The head of the Atomic Energy Organization of Iran (AEOI) has said the country has managed to advance its nuclear technology, despite facing two decades of industrial sabotage.
"The country's nuclear science, which serves as a propeller for all industries, has come by while much industrial sabotage was committed [to impede its advancement] over the last 20 years," Mohammad Eslami said on Tuesday.
"Assassination of [Iran's nuclear] scientists, sanctions, psychological operations, and recourse to international organizations towards exertion of more pressure...none could impede the advancement of the country's nuclear science," he said.
Israel has assassinated as many as seven Iranian nuclear scientists and targeted Iran's nuclear installations on several occasions with terrorist crimes.
In line with its attempts to cast Iran’s nuclear energy program in a bad light, the regime’s successive officials have also been running a raucous propaganda campaign to sabotage the Islamic Republic’s nuclear activities.
This is while, the regime itself is the Middle East region’s sole possessor of nuclear weapons that has -- thanks to support provided to it by the United States, its oldest and strongest ally -- evaded joining the Nuclear Non-Proliferation Treaty (NPT).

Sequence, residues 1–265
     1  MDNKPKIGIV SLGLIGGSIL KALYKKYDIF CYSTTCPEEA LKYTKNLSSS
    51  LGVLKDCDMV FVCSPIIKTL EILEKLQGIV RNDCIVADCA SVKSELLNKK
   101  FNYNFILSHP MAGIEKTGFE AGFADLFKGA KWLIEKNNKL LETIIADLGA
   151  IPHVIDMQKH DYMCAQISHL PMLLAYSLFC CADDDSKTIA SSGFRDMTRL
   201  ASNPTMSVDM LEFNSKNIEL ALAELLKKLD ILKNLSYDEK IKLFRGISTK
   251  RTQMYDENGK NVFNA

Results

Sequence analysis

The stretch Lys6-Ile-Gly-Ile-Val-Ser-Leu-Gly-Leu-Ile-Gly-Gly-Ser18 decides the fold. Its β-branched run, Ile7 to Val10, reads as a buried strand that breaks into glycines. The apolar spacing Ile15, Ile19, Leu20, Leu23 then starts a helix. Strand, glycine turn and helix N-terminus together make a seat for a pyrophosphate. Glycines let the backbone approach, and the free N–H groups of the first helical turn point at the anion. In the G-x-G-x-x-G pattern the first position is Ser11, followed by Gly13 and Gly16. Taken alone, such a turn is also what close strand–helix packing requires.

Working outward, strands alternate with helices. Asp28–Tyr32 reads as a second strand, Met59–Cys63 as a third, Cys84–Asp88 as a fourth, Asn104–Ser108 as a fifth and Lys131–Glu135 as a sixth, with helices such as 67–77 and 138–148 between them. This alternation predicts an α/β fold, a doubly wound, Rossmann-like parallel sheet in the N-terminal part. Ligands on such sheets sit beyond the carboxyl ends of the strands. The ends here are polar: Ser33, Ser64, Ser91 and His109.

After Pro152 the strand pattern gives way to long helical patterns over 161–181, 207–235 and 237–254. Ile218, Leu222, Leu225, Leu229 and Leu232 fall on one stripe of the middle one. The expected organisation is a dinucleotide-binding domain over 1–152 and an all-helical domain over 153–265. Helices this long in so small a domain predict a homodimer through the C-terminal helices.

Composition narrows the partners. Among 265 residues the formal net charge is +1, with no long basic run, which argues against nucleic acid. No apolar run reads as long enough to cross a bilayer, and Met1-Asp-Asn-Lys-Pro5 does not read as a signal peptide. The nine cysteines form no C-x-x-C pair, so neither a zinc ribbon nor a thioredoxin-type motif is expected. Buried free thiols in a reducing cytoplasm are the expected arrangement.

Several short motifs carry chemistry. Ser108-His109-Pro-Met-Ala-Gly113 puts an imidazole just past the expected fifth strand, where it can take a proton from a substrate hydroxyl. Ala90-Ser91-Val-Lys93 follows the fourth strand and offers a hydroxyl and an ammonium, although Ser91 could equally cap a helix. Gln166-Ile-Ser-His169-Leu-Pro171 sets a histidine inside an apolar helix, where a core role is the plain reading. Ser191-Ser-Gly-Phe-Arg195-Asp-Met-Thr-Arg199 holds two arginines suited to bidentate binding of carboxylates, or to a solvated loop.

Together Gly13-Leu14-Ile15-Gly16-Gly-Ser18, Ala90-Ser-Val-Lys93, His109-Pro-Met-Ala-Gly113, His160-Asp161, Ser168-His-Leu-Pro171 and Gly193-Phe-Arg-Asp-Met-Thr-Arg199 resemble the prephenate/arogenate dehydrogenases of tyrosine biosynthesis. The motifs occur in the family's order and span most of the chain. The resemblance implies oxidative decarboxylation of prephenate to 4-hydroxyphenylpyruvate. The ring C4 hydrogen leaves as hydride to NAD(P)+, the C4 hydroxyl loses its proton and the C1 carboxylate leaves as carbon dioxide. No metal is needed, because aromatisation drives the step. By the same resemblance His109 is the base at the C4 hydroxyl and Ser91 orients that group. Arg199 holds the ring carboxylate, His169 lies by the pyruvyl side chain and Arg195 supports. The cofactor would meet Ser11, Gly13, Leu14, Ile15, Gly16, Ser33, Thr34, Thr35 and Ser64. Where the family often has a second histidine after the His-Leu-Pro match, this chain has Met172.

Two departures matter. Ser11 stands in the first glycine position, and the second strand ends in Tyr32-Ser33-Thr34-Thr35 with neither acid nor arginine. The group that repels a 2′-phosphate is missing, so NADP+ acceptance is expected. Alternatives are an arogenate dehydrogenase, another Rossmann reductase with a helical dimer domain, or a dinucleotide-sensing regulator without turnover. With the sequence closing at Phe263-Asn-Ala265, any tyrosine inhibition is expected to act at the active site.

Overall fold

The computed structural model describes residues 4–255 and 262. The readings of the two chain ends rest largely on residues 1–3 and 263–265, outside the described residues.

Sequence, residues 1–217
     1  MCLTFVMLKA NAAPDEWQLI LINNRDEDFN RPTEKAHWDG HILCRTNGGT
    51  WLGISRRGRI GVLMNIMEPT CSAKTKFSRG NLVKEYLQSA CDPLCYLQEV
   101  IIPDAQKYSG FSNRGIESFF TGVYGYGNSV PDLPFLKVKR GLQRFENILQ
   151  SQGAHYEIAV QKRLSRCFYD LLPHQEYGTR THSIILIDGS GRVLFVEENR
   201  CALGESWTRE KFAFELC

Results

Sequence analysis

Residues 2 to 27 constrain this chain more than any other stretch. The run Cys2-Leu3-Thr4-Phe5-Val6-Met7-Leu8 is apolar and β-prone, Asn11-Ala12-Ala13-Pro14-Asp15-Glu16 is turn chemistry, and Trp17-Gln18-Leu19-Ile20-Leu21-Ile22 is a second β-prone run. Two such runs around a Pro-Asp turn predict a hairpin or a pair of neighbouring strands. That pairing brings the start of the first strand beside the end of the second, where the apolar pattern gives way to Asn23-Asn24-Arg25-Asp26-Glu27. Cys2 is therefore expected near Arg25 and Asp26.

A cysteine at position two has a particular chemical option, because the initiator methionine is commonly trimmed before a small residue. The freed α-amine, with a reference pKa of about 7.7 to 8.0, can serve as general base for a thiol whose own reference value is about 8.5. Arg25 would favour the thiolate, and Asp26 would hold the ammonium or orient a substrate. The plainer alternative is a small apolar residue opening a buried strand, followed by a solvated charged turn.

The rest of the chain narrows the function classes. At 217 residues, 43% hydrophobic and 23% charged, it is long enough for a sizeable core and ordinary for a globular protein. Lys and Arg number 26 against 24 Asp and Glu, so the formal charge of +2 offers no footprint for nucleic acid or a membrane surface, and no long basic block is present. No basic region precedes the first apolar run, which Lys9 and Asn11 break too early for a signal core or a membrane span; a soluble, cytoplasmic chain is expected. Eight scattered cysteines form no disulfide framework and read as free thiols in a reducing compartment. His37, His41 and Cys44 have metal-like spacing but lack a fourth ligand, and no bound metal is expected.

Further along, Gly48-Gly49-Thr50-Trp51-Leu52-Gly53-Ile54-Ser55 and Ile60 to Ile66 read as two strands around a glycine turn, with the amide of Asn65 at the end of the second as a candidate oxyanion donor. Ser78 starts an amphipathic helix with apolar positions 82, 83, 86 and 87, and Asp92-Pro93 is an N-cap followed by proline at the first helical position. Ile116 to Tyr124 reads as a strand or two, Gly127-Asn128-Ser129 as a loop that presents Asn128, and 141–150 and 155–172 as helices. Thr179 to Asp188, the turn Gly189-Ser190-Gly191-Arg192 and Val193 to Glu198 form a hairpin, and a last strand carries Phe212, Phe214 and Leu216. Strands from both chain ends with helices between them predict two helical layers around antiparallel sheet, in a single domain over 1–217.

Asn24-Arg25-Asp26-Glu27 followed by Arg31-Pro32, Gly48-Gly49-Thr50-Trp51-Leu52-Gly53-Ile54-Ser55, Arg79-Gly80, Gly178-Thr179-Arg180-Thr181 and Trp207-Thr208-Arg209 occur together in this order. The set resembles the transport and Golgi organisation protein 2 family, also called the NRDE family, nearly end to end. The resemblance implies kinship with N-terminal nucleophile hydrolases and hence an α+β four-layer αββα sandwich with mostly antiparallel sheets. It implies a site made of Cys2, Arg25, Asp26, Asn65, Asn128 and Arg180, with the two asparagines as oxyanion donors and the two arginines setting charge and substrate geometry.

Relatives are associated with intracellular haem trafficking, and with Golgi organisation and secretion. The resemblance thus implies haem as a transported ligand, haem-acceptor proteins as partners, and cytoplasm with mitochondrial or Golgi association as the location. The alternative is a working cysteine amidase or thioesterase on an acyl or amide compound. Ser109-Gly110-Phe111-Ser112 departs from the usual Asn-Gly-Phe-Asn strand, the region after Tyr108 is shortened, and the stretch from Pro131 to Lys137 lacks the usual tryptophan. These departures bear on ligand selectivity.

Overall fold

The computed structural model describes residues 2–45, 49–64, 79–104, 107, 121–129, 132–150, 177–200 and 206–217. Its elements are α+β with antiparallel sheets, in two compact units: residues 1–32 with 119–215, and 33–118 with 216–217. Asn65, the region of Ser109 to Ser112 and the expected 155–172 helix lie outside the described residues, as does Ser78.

Eslami reminisced how Iran's enemies would "resort to saber-rattling every day, saying they would attack the country's nuclear facilities."
Today, however, Iran's nuclear energy has assumed a leading global status, and "they (the enemies) cannot tolerate this," he added.
The enemy is opposed to the Iranian people's prosperity and calm, the Iranian nuclear chief stated, advising that the country rather invest stronger, more expedient, and more integrated efforts toward enabling its further advancement.
He reminded me how the country was now among the world's top producers of radiopharmaceuticals, heavy water, and semiconductors.
"Today, by God's grace, we have attained all achievements in the field of nuclear technology," Eslami said, putting the progress down to "ardor and round-the-clock endeavor."